The Right Way

Lunge Pose Is the Ultimate Lower Body Strengthener—As Long as You Avoid These 3 Common Mistakes

There are a few poses—or "asanas"—that you just can't yoga without. There's child's pose, cat-cow, and (of course) downward dog, but lunges are also an essential part of any yoga practice. On this week's episode of The Right Way, yoga instructor and MIRROR trainer Pilin Anice shows you how to do a high lunge pose (or "ashta chandrasana," meaning crescent high lunge pose) the right way, so your yoga foundation can be on point.

Lunge pose challenges your full body, but your legs take the brunt of the work. "High lunge pose is wonderful to strengthen your lower body. We're building strength and stamina in our quadriceps, in our hamstrings, in our hip flexors. And it's a very dynamic pose when you're doing it the right way," says Anice.

That said, ashta chandrasana has a lot of moving pieces, and if you're not doing it quite right, you could introduce tension and aches into your body (which is so not what we're trying to do here). According to Anice, folks tend to make the same three lunge pose mistakes again and again, so let's see if any of them sound familiar, shall we?

The wrong way: Leaning really far forward

The first mistake Anice sees is people pitching their torso too far forward in their lunge. This throws your body out of balance, and your front leg ends up taking the brunt of the weight. Remember, you want both of the legs working hard here. Widen your feet until you feel grounded, then take a moment to find the place where your weight is evenly distributed between your front foot and back foot.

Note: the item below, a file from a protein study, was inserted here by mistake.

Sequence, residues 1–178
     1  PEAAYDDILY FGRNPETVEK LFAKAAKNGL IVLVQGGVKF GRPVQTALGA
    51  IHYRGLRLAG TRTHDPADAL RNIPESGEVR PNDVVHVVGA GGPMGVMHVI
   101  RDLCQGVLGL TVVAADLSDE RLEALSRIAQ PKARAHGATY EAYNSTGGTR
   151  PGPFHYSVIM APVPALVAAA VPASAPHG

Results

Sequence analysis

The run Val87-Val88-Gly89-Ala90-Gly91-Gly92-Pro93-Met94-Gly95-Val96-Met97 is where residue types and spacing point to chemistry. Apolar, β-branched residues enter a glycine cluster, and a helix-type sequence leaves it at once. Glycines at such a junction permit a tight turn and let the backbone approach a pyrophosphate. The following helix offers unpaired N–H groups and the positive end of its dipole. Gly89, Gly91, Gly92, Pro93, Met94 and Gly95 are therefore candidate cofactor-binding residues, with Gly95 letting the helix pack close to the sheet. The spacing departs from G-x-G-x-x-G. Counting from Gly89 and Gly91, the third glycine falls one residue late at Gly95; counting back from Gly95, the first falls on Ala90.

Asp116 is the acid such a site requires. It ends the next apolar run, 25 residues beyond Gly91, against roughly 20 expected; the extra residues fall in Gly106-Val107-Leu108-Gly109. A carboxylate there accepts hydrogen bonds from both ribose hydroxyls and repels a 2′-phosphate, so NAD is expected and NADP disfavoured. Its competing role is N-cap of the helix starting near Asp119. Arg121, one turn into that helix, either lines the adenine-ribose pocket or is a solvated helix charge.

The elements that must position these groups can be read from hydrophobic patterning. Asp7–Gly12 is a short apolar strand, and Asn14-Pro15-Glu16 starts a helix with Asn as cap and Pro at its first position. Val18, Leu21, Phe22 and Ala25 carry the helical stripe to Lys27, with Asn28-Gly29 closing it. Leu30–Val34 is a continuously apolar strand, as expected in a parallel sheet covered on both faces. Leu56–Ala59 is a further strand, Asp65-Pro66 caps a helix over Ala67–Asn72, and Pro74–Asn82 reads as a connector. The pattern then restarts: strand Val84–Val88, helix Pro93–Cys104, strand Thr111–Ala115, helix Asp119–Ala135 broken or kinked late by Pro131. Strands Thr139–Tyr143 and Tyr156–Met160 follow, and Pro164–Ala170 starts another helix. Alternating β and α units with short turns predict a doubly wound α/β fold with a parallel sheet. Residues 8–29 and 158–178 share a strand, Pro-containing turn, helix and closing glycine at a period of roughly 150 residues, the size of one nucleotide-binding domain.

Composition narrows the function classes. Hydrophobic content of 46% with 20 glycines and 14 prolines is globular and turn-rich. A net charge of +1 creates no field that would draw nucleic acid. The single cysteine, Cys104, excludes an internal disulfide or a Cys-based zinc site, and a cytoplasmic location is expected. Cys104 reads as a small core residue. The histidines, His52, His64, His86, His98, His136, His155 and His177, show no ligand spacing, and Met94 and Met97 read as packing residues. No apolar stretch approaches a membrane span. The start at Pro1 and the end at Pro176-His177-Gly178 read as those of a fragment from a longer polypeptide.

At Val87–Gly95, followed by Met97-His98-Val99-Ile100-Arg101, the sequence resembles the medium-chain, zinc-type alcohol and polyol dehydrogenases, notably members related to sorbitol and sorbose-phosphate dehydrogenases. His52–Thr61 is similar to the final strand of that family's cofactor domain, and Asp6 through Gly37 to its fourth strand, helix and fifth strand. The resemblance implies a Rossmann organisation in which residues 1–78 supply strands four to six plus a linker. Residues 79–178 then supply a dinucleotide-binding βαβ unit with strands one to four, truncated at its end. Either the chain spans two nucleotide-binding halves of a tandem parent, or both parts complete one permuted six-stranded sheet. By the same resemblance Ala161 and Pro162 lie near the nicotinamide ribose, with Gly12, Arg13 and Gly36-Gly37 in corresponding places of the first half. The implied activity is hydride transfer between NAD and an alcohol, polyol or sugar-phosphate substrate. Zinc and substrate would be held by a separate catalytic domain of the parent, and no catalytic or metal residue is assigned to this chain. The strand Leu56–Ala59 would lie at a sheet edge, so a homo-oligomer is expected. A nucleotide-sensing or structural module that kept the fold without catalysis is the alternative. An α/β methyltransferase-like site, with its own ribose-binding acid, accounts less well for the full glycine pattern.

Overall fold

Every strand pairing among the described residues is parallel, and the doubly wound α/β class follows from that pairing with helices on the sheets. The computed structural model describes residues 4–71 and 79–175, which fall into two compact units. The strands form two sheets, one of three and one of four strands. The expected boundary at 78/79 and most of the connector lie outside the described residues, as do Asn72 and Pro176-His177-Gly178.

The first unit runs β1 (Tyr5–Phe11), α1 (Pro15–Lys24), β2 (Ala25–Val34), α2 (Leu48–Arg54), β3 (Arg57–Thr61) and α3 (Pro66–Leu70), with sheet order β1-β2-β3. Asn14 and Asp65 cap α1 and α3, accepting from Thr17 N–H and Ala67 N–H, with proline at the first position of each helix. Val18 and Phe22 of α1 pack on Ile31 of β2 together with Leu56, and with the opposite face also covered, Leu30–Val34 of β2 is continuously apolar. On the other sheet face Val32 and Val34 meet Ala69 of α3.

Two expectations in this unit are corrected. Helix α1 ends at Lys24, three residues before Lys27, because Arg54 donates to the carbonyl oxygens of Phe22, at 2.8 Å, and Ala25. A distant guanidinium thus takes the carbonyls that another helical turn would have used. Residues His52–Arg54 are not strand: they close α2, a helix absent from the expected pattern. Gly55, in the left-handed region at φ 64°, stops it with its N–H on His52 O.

The wrong way: Tilting your pelvis

"The second common mistake is a pelvis that's tilted forward or back, so not neutral, creating crunching in our low back," says Anice. Instead of allowing your pelvis to curve, engage your core to protect your spine. You can place your hands right on your hip points to help guide them into a more neutral alignment. I know, I know: The pose just got a lot harder.

The wrong way:

Last, Anice often sees people lifting up and wearing "their shoulders as earrings" when they extend their arms overhead. This compresses the neck and shoulders, and creates unnecessary tension in a part of your body that's already suffering from text neck. Drop your shoulders down and tuck your shoulder blades back, like wings, to relax your neck.

Make sure to check out the full video to see how your ashta chandrasana measures up, then you're ready to flow.

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